Tag Archives: Forgiveness

“It is finished”

This post speaks for itself quite well.

Eilers Pizza

2016-03-23 11.22.22 Christ’s cross, by my daughter, Erin

Among the things that I found myself saying after several years as a pastor regards the character of God, that He is love, and merciful, and generous, and just, and faithful, and when talking about the person and work of our Savior, Jesus, I continually found myself asking, “Who wouldn’t love a God like that?”

To love God, we have to properly understand God. And, in the Lord Jesus’ Good Friday declaration from the cross, “It is finished (John 19:30),” we have the foundation laid for a proper understanding of God.

The problem with us is that we constantly take those words out of the mouth of the Lord Jesus as if He never spoke them, as if He did not complete the work of saving us, fulfilling the prophecy of Isaiah: “But he was pierced for our transgressions, he was crushed for our…

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Heroic Qualities

Christ died on the cross. He shed his precious blood for a wretched sinner such as myself. I have done many terrible things that I’m not proud of. Things I’m ashamed to admit, but still things that I have done, nonetheless. So how can I look someone in the eye and tell them what a wretched sinner they are? Well, it’s because I know what one is.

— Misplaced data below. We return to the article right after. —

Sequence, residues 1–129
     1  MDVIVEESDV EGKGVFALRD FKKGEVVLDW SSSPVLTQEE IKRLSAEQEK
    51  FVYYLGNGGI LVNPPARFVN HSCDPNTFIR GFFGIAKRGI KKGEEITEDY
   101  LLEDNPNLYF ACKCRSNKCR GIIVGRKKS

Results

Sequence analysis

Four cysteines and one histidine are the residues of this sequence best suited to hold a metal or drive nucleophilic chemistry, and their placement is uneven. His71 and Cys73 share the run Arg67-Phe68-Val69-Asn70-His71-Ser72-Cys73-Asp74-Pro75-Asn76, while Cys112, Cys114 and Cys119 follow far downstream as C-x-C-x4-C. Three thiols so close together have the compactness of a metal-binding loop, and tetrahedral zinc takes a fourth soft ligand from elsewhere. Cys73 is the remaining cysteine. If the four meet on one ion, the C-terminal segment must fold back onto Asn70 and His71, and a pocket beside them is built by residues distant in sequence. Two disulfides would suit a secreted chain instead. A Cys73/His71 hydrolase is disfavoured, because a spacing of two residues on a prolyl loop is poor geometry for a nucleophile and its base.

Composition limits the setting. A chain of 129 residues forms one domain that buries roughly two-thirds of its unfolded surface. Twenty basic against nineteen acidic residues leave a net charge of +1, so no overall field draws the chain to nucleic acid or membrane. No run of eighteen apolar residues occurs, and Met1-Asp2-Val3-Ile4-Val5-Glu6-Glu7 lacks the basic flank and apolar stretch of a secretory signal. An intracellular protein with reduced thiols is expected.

It’s you and I. He and she. Boy and girl. Child and adult. It is everyone who has ever lived. Well, most everyone. There is that one guy. Some of you might know his as Jesus the Christ. Others may refer to him as Yeshua. Whatever you call him, he is the savior of man.

He didn’t punch a car to stop a speeding train, nor did he stop a mad scientist from taking over the world. No. He was nailed to a stick. It was a very large stick, but a stick still the same. I know, it doesn’t sound much like a quality of someone who saves people, but it’s true.

Some of you may have done something wrong or stupid in your life that was going to get you into a heap of trouble. You knew you were going to get it this time and there was no way out of it. But then, for whatever reason, the guy who’s got the good reputation feels sorry for you. So he goes in and takes the blame and punishment for it so that you can get off scot free.

Well, that’s kinda what Jesus did, except he wasn’t just the guy with the good reputation. No. He was the guy who lived perfectly and never sinned. And in an act of mercy, he took the punishment of every single sin of every single person who has ever lived and who will ever live.

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The problem of God: part two

Eilers Pizza

The problem with God is that He is too nice.

I know that I just made a faith statement. This is what I believe: God is perfectly, profoundly nice to us. Just because that is a statement of my faith does not mean it is not true.

Even before we get to God the Son dying for the life of the world—the ultimate proof of God’s niceness—I like to note that, from the beginning, we see in God’s character that we can trust Him, that He aims to display kindness. When Adam and Eve hid from Him, because they had broken the law, God searched for them. He did not search for them to kill them, but to counsel, console, and clothe them. When He asked Adam what he had done, Adam did this: Adam sassed God right to His face.